Veterinarians frequently use x-rays to gather more information about your cat or dog’s health. These diagnostic images allow your vet to see your pet’s bones, tissues, and organs to help them determine problems and devise a treatment plan. Bladder stones, broken bones, and swallowed foreign objects are just a few of the issues that can be revealed by x-rays.
If your vet has recommended an x-ray for your pet, here’s what you can expect:
Your vet will explain what parts of your pet they’ll be x-raying and what information they’re looking for. You don’t need to do anything to prepare your cat or dog for an x-ray.
If you’ve ever gotten an x-ray, you know it’s a painless process. The same is true for your pet. The only challenge may be getting your pet to stay still enough to allow your vet to obtain clear images, especially if they’re anxious or in pain. In some cases, your pet may need sedation so they’ll be able to keep still. It may also be necessary if your pet’s muscles need to be relaxed, or when the x-ray will look at their spine, skull, or teeth.
During the x-ray, your pet will be on a table. A veterinary technician will use an x-ray machine to target specific areas of interest. They use film or digital technology to save images. The x-ray will take only about ten minutes.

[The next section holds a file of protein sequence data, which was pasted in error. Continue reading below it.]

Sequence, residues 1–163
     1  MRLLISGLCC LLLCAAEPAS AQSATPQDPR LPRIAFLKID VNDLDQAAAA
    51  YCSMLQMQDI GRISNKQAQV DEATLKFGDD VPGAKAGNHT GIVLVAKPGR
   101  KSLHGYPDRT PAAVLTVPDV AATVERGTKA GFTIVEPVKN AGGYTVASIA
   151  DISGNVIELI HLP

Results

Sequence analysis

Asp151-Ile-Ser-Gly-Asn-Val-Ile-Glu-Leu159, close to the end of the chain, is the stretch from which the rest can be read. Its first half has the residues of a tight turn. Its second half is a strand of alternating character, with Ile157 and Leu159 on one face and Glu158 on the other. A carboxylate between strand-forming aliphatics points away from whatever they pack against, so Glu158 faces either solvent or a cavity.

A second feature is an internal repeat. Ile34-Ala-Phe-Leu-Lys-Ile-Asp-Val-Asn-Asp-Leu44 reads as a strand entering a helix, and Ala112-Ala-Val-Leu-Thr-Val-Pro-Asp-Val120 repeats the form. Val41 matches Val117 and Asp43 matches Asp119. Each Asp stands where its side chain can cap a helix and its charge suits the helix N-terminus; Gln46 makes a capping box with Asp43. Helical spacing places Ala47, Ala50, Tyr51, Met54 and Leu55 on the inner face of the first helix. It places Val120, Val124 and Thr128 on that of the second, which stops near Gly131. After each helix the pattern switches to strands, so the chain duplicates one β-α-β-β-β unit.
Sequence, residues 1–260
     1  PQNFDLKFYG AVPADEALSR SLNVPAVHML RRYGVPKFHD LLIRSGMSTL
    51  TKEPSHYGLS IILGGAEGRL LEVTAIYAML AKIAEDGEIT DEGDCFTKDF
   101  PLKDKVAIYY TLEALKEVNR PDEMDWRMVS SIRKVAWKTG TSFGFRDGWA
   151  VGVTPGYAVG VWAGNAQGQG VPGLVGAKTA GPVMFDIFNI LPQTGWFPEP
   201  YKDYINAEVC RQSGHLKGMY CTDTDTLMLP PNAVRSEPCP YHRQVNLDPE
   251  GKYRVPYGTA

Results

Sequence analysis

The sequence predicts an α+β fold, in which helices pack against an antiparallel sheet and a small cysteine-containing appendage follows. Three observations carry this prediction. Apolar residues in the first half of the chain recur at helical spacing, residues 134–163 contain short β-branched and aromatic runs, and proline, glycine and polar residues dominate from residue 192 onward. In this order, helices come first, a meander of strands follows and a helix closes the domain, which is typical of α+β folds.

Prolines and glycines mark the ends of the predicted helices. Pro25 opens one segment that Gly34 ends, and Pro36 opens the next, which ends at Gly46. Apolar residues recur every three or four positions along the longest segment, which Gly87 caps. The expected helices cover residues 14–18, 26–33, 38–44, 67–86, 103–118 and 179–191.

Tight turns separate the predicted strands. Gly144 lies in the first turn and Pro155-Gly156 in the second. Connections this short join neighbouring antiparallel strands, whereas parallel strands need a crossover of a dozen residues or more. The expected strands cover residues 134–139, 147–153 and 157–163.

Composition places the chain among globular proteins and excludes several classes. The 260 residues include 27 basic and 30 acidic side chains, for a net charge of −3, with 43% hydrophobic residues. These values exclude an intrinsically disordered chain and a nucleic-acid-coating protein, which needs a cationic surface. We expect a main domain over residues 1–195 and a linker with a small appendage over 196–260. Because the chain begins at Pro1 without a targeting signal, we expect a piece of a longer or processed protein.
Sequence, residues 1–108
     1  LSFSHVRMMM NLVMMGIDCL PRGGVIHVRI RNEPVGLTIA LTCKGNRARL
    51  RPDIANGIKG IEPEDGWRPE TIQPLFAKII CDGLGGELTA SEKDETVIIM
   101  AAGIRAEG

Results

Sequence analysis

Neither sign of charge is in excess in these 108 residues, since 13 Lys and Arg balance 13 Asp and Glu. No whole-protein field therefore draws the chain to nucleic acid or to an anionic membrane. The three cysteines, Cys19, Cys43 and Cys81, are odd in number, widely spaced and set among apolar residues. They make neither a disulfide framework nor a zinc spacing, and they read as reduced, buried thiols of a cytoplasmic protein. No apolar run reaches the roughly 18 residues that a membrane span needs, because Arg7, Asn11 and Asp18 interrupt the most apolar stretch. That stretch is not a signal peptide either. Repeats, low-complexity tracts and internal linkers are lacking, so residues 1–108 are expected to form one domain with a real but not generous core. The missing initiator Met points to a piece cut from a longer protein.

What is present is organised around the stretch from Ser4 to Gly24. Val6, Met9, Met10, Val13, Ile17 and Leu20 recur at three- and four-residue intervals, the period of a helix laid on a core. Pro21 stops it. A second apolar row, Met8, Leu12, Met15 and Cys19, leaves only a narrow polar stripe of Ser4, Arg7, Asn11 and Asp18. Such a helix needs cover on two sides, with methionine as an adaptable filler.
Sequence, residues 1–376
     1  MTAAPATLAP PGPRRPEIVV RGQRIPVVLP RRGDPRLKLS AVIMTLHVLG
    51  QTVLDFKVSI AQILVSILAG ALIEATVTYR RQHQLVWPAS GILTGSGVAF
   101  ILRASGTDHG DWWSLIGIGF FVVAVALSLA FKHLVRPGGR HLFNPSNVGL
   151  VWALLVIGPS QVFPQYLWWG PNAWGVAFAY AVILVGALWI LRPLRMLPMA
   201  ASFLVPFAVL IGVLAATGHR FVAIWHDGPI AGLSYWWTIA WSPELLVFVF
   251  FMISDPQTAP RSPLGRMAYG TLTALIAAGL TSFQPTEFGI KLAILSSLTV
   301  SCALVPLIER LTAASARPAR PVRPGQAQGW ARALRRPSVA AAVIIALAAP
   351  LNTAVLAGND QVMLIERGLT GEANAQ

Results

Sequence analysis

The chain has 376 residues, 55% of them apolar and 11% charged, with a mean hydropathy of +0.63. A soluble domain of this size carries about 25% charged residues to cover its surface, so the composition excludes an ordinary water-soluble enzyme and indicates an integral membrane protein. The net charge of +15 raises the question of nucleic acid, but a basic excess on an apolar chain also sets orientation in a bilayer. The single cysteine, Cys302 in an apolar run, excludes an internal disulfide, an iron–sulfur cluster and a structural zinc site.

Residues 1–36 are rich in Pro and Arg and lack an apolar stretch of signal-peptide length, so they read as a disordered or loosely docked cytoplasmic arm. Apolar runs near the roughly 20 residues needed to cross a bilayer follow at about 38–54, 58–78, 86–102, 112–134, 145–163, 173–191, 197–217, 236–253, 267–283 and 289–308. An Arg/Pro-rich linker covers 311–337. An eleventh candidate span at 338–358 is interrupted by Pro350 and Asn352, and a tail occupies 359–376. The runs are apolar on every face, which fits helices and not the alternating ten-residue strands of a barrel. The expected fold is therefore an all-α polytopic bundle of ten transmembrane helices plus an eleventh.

In some cases, your vet will need to see your pet’s soft tissues. A regular x-ray may not provide adequate images, so they may need to use a specialized x-ray technique called a contrast procedure. Your vet will give your pet a dye either intravenously or by mouth. This dye will then collect in specific organs, which will then be easier to examine via x-ray.
X-rays do use radiation, but it’s at low levels. Occasional x-rays are safe for your pet, and the of aiding the vet with a diagnosis outweigh the limited radiation exposure. If you’re concerned about the safety of your pet’s x-ray, ask your vet to explain why this diagnostic test is warranted, what information they hope to learn, and whether any other tests will yield the same information without radiation.
After Your Pet’s X-Rays
After your vet examines the images from your pet’s x-ray, they’ll explain the results to you. If the x-rays yield enough information, your vet will tell you about what they were able to verify or rule out and any necessary treatment. In some cases, additional imaging such as an MRI or a CT scan may be necessary.
Pet X-Rays Are Vital to Vet Care
An x-ray is a quick, safe procedure that’s painless for your pet. It gives your vet valuable information about the location and nature of a problem. This information lets your vet decide on a treatment plan, if needed, or order additional tests if necessary. Your vet’s goal is to provide the right treatment for your pet, and with an x-ray, the vet has a far greater chance of determining what they need. Don’t hesitate to speak up and ask questions to learn more about pet x-rays and the part they play in your pet’s care.